As part of the FERC Potential Failure Mode Analysis (PFMA) process at a large gravity dam associated with a hydropower project, the project Owner identified potential for dissolution of gypsum from the dam foundation. The uplift control system at the dam includes a line of relief wells which collect seepage from the foundation and discharge it into an internal gallery. There was a concern that soluble gypsum was being carried by seepage water and lost through the gallery drainage system. The concern was that this loss of rock material from the dam foundation could negatively affect the stability of the dam or lead to operational problems for the turbines.
GZA was engaged by the Owner to investigate the potential problem and overall conditions in the dam foundation. GZA first undertook a review of construction era and post-construction and identified the need for additional confirmatory investigations and more extensive water chemistry sampling and analysis. GZA therefore developed and implemented a program of supplemental test borings, testing, and instrumentation within the gallery. GZA used geophysics perform in-situ logging of the holes and performed extensive flow testing in the relief wells and both in-situ and laboratory analysis of water chemistry. Using this data, GZA was able to identify the source of gypsum flux as very thin interbedded stringers within the foundation.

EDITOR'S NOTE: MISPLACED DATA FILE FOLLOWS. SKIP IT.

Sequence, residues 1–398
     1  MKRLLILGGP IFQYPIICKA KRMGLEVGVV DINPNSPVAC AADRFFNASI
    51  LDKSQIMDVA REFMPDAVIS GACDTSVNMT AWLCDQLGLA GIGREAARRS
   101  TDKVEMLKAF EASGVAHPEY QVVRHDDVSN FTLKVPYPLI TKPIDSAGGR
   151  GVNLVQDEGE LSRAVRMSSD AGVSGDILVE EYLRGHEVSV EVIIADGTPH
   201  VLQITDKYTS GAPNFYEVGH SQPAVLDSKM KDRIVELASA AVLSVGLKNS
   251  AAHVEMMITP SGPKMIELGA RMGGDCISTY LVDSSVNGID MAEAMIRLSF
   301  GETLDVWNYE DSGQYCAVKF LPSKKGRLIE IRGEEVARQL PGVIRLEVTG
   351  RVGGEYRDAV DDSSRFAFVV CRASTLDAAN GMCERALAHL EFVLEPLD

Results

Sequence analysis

GZA then designed a grouting program to address the seepage and gypsum flux from the foundation. High-mobility balanced stabilized grout was specified with a provision to use chemical grouting if necessary. GZA assisted NYPA in bidding the project and then provided resident engineering services throughout the grouting project. The project was successful in reducing both seepage and gypsum flux both by almost 90 percent.